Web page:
First, please note I think of all the boys as MY sons, but I have to separate them for a moment to answer the questions. Ben and Josh are my biological children. Ben was 7, Josh 2 when their dad died. It’s a lot different when it’s your dad that dies. I was their primary caretaker and yes, they missed their dad a lot. When I married Ed he filled that empty space and it worked well. Andy was 5 when his mom died. She was his world, then he was with his dad for two years before I came into his life bearing authority. So yes, I heard, “My dad doesn’t care…” often.  My advice is for parents to decide BEFORE they get married how discipline is going to be handled and how you will back each other up during a discussion.

When do you think your family experienced that turning point of letting go of the past and becoming a new family? Was this a gradual process or did any one thing or person or event smooth the bend in the road?

I don’t think we ever let go of the past because we wanted the boys to know their other parents, who they were, things they liked. We did grow closer as a new family when we started taking vacations in an RV. Nothing says I love you like 8 hours of the Three Stooges playing in the back and watching 3 small boys laughing.
Courtesy of

Any funny anecdotes of the pureeing process you’d like to share?

I’ll never forget the time when we were cleaning house for a birthday party and Andy told me, “The only reason we married you was so you would clean. So why do I have to help?” I didn’t laugh then, but it makes me laugh now. And yes, he did continue to help. 

If you had to do it all over again, would you? Would you change anything?

I wish I could do it again. I miss those boys so much my eyes water! Yes, I would change things; I would communicate with Ed using words instead of trying to get him to read my mind. The mind reading doesn’t work. I wish I would have known some of the things Marty suggests to do in the book. I do believe with that information, my relationship with Andy would have been better if I had realized what he was telling me by his actions. I must say I am so proud of him and love him to pieces.

Diana's cat Wendell
As a cat lover I ask: Did you bring any pets into the family when you and Ed married and did that help or add to any stress? 

When we combined our houses we had a total of 4 cats! That’s a lot of litter boxes and there didn’t seem to be anyone around to clean them—isn’t that odd? The cats blended faster than we did!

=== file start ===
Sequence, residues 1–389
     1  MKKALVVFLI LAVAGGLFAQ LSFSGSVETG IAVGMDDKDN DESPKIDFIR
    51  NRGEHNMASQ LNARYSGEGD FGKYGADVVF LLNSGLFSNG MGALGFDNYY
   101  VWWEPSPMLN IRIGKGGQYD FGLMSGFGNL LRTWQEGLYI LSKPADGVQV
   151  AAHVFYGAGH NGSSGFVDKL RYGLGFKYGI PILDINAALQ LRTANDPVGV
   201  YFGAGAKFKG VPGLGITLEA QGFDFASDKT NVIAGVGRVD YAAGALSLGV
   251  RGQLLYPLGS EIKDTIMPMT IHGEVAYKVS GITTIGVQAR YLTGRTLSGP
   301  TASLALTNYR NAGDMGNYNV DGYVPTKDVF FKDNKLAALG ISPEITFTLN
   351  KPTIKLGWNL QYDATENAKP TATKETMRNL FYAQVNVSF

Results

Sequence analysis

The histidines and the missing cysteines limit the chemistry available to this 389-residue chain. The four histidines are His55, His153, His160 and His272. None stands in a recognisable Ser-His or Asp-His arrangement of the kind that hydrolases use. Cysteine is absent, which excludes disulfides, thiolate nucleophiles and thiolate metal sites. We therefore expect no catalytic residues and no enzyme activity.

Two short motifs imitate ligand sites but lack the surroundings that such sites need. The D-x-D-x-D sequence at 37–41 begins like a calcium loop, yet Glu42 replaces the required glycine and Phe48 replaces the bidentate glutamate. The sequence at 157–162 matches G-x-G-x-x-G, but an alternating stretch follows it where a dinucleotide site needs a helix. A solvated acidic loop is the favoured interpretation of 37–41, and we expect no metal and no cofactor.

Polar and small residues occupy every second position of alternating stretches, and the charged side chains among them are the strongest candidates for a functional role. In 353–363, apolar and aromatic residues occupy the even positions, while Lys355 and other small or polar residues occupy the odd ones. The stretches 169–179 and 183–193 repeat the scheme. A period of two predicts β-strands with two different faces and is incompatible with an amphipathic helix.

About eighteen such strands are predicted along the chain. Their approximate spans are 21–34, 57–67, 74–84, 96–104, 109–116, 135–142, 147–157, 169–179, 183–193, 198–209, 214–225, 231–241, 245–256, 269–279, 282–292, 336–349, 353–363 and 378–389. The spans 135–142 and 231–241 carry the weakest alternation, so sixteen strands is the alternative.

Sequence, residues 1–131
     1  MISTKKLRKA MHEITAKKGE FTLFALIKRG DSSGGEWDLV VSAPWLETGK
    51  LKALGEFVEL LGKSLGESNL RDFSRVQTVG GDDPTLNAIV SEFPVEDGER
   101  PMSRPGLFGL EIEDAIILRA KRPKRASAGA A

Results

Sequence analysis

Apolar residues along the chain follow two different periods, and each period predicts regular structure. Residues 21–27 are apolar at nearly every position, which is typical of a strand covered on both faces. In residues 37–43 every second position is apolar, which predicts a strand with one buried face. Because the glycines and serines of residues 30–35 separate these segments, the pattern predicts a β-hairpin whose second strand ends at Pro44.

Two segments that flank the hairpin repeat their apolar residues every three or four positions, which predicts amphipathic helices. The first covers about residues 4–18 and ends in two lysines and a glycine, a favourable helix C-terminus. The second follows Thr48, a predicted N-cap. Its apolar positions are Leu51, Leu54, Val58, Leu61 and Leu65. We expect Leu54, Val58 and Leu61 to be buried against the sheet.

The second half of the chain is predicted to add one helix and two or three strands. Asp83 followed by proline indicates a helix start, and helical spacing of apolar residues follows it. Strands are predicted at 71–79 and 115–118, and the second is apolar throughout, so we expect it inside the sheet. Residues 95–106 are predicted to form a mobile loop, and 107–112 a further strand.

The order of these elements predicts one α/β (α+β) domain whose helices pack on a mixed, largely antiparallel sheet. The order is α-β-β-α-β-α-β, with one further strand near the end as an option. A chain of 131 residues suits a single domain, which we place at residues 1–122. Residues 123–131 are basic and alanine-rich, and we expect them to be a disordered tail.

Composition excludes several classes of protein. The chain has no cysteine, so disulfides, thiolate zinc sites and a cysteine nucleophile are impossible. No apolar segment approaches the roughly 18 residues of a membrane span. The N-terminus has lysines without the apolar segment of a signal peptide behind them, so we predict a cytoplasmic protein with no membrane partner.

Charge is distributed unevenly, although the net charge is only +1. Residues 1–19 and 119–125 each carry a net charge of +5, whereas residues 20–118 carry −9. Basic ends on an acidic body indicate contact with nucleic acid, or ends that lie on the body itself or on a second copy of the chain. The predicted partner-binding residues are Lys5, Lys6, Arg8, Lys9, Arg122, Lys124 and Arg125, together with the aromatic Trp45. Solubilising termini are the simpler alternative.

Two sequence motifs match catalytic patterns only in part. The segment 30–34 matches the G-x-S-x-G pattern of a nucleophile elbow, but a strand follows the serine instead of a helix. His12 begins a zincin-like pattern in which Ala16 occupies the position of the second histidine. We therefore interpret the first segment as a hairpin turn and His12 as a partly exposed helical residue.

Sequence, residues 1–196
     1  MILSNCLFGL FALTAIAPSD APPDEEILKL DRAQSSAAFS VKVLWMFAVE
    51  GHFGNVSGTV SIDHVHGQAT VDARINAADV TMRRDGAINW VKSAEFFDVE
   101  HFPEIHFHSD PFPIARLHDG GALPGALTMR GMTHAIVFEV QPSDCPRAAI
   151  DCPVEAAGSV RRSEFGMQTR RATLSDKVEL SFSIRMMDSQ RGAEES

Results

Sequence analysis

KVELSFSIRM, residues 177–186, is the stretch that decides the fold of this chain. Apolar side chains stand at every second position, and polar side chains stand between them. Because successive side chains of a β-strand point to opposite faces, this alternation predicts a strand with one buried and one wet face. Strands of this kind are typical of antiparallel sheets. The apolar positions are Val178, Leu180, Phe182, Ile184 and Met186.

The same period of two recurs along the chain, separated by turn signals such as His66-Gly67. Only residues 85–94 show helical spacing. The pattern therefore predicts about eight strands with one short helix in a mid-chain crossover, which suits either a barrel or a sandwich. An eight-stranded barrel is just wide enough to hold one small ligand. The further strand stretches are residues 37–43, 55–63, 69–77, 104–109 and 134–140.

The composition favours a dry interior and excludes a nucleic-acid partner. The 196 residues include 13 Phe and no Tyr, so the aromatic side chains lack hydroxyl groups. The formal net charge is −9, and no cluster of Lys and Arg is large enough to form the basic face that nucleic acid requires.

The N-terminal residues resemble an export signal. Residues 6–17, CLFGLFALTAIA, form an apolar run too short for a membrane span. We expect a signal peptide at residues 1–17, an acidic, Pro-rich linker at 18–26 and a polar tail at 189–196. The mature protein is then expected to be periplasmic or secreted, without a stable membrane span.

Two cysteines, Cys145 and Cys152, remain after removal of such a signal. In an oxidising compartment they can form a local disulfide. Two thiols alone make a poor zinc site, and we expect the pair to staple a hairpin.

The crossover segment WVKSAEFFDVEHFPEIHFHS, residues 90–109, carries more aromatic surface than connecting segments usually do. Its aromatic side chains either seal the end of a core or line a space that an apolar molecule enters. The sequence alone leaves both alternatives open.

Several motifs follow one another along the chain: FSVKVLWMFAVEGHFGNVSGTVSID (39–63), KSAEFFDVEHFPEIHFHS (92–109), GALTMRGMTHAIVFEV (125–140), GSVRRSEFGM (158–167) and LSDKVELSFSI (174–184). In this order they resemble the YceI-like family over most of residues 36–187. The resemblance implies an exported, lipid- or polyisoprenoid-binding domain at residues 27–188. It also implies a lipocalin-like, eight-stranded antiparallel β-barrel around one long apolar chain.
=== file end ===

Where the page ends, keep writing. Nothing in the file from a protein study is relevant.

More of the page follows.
Oliver--owner of Diana
And, how essential is it to write in the presence of your cats?

My cats keep me healthy. We have two now and they have this odd way of deciding when I need to take a break from the computer. One sits on my keyboard, the other my lap—one of them even wants me to file his claws! 

Diana would love to hear from you about your "pureed" families, writing, or cats

Diana Lesire Brandmeyer's Bio:

Diana Lesire Brandmeyer has a background in education and psychology. Her credits include My Devotions, The Metro East Family Gazette, Little Visits Family Devotions and The Lutheran Witness. She received her degree from Webster University. She is the author of, A Bride’s Dilemma in Friendship, Tennessee (Barbour 5/2012), We’re Not Blended, We’re Pureed: a Survivor’s Guide to Blended Families (Concordia Publishing House), Hearts on the Road (Barbour), and A Time to Dance (Awe-struck E-publisher),. She lives in Southern Illinois where the corn grows at a rapid rate behind her home. Married to Ed, they have three grown sons all on their own now, each of them bringing someone special to join the family. Yay! Daughter-in-laws!

To purchase We're Not Blended We're Pureeed:


  1. Diana, I love your title. Sounds like a wonderful book--much needed these days.

  2. Elaine,
    Thanks so much for interviewing me about this book. It was a tough book to write, but I felt it needed to written for those moms and dads who are taking this same journey.

  3. This is a great blog post! I've been in my blended family for four months and I am AMAZED at how well the families have come together. Dave and I are reading The Smart Step-Family, so will have to get this when we finish. Not much time to read with 5 kids!

    It's not to say we haven't had HUGE challenges from the outside (wedding stress, ex issues, moving, new schools mid-year, house buying/selling), but it DOES bring you together if you ask God to do it.

    Yes, there is non-stop laundry and shopping, but I feel so blessed to be home with all the family. We've let the love grow naturally instead of forcing it, and we both appreciate that some times kids act up. It's not because of us or being a step-family, but because they are little people learning how to mature well.

    Thanks, Diana!

  4. Christine, I love your positive look at bringing your family together. Bravo on the acceptance that it will take time.

  5. The book sounds great. I'll need to get one for our counseling office.

  6. Really enjoyed this article. Another interesting social issue--that of blending a reunited adoptee and their birth parent's families. Not quite the same as blended two married peoplés families, but more like blending in a new aunt that many in the adoptee's family aren't too pleased about accepting.

    But 12 years later, I'm so happy with the relationship I have with my birth-daughter.

  7. cblamony--I appreciate you getting the book for your office. I hope it will help someone.

    Christine--that is amazing that you found each other! So glad it is working out well. I can imagine the problems are a bit different and yet...the same.

  8. Diana, thanks so much for being such a fantastic guest this week. A lot of people from all around the world have viewed your post. I'm sure your words have blessed them with encouragement.

    The winner of WE'RE NOT BLENDED WE'RE PUREED is cbalmony. Congratulations. Diana will be in touch with you shortly.

    ♥ Elaine